It should be made clear from the outset that when one speaks of interpreting a philosophical text in the setting of the present discussion it is specifically an exegetical interpretation that is at issue-an elucidation of what it maintains, a clarification of its claims and contentions...

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7. The Explanation of Consciousness and the Interpretation of Philosophical Texts

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pp. 100-110

Let me begin by recapitulating Nicholas Rescher's theory of historical interpretation as he presents it in his valuable and thought-provoking summary, "The Interpretation of Philosophical Texts...

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8. On Interpreting Leibniz's Mill

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pp. 111-129

In "The Interpretation of Philosophical Texts," Nicholas Rescher outlines a coherentist theory of textual interpretation. At the heart of his theory lies an idea that he calls the "Principle of Normativity," according to which "the better (the more smoothly and coherently) an interpretation fits a text into its wider context...

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9. How to Interpret Human Actions (Including Moral Actions)

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pp. 130-157

In this article an instrumentalist conception of action interpretation will be developed. This conception shall be suitable for interpreting moral actions as well as other actions. The approach's instrumentalism consists in the fact that interpretations here are conceived...

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10. Interpretive Practices in Medicine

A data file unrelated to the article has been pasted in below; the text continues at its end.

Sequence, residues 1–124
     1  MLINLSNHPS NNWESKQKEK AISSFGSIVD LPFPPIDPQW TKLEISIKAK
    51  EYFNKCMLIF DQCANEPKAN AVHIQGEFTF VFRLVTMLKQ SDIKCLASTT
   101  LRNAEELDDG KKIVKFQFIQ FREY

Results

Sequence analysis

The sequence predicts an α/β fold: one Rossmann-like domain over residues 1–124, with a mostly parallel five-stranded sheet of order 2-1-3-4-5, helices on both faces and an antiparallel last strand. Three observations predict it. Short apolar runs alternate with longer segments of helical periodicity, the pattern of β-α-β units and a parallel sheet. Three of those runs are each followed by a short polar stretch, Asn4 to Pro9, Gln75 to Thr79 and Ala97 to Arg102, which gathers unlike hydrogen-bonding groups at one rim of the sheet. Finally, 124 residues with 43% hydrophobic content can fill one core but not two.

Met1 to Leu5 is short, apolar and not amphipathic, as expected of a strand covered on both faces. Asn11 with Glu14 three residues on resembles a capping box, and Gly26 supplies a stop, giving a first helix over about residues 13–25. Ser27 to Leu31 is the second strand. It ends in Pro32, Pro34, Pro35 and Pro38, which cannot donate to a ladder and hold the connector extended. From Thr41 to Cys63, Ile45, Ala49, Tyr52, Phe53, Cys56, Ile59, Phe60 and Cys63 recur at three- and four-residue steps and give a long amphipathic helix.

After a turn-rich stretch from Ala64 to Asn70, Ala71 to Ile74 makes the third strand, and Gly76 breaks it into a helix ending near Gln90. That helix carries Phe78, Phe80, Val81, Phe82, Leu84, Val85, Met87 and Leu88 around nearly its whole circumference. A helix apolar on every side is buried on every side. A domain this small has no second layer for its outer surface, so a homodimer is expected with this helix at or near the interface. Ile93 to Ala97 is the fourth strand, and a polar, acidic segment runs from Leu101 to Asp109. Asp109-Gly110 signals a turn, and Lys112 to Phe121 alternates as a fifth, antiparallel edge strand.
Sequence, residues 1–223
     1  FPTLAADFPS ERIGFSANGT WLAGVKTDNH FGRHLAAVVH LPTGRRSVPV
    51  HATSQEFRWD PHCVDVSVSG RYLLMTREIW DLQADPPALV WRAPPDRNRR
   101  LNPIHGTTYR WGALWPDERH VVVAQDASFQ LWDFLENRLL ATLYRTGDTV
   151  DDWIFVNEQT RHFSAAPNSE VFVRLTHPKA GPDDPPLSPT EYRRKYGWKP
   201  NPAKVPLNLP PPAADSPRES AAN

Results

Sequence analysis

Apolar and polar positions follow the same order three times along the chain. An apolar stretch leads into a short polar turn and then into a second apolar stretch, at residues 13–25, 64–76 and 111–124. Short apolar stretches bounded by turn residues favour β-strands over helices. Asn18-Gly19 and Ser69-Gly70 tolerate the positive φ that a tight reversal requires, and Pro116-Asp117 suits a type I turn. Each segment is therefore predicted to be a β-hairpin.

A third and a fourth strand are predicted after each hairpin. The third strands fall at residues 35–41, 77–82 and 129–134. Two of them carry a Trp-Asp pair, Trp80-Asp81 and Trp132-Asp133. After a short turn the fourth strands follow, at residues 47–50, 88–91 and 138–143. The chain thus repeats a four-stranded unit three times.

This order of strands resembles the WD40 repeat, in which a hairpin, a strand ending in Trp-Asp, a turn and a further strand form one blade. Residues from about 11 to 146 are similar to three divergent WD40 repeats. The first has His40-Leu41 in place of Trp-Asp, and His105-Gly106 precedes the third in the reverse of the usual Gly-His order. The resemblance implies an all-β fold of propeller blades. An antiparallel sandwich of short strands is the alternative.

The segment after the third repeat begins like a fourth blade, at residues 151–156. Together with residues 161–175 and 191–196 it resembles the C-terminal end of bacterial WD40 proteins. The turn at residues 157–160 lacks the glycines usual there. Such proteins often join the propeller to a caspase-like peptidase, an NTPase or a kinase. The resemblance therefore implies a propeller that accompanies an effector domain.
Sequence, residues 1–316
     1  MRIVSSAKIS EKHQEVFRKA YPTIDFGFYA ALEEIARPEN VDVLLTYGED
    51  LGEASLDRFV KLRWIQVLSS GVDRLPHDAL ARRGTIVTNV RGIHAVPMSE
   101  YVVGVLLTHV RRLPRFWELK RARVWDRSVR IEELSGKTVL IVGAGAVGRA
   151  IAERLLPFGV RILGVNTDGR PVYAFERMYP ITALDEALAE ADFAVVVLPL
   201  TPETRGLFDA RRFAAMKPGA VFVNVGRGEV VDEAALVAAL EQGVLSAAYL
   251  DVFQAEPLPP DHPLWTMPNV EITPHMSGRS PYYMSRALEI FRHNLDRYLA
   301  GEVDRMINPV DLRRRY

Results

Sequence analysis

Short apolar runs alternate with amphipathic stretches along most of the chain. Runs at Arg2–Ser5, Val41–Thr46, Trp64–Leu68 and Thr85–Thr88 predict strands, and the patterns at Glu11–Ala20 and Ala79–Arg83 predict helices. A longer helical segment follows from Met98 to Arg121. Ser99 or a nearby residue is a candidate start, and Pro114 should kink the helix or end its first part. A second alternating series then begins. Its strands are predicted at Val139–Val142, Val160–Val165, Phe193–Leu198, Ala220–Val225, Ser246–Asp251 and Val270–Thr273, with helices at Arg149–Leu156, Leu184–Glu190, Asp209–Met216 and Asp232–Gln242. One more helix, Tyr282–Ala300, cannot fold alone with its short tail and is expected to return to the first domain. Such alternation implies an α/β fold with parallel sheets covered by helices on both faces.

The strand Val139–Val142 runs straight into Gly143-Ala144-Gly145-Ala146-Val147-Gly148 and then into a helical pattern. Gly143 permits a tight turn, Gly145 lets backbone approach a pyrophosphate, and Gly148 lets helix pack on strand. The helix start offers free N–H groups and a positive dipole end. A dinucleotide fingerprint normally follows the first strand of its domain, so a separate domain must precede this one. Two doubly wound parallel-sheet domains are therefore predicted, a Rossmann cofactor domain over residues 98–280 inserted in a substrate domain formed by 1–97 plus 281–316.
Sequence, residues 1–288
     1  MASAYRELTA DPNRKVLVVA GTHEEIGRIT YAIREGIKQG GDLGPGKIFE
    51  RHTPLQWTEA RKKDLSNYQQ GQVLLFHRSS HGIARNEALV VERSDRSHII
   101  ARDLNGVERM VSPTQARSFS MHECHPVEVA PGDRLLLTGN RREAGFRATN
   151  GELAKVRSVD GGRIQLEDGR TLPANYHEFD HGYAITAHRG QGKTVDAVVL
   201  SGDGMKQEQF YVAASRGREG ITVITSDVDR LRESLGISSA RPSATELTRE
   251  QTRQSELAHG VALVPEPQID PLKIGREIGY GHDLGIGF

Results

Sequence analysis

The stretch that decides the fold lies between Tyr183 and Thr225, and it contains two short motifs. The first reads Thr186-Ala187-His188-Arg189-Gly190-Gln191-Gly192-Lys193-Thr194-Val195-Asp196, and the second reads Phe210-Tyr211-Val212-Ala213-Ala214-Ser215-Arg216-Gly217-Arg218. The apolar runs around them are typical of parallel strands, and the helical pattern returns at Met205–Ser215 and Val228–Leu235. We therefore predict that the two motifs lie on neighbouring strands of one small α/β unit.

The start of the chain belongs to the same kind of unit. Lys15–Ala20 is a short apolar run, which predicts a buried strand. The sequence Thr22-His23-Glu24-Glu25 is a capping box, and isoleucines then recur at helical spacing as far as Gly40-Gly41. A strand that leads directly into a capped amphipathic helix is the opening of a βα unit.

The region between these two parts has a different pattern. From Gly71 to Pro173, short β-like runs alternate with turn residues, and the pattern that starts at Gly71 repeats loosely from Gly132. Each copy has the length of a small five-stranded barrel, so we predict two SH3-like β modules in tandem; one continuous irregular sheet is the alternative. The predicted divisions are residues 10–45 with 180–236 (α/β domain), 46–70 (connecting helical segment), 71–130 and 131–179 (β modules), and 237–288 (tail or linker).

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pp. 158-178

This article develops some examples of interpretation in medical practice. I begin with medical data, but need to first provide some definitions to pave the way for more explicit development. Some of these defined terms have nontechnical meanings...

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11. Interpreting Medicine: Forms of Knowledge and Ways of Doing in Clinical Practice

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pp. 179-202

Ars longa vita brevis-Hippocrates' famous aphorism once acquired a surprising new meaning in the hands of a freshman at the University of Heidelberg's Medical School...

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12. Concept Formation via Hebbian Learning: The Special Case of Prototypical Causal Sequences

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pp. 203-219

How does the brain manage to generate roughly accurate maps of the universe's four-dimensional background structure? What is the process by which such abstract maps of possible-causal-processes are actually constructed...

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13. Interpreting Novel Objects: The Difficult Case of Hybrid Wines

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pp. 220-233

Russ Hanson famously said, "All seeing is seeing as." While Hanson's focus was upon the interaction between scientific theories and their corresponding observations...

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14. Classifying Dry German Riesling Wines: An Experiment toward Statistical Wine Interpretation

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pp. 234-260

Reflection on olfactory and gustatory perceptions and their epistemological status has not been playing a major role in the philosophical tradition. Most classical philosophers deal with the senses of smell and taste rather parenthetically and with a sense of flippancy...

Index

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pp. 261-266


E-ISBN-13: 9780822977568
E-ISBN-10: 0822977567
Print-ISBN-13: 9780822943921
Print-ISBN-10: 0822943921

Page Count: 280
Publication Year: 2010

Series Title: Pittsburgh-Konstanz Series in the Philosophy and History of Science

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Subject Headings

  • Science -- Philosophy -- Congresses.
  • Interpretation (Philosophy) -- Congresses.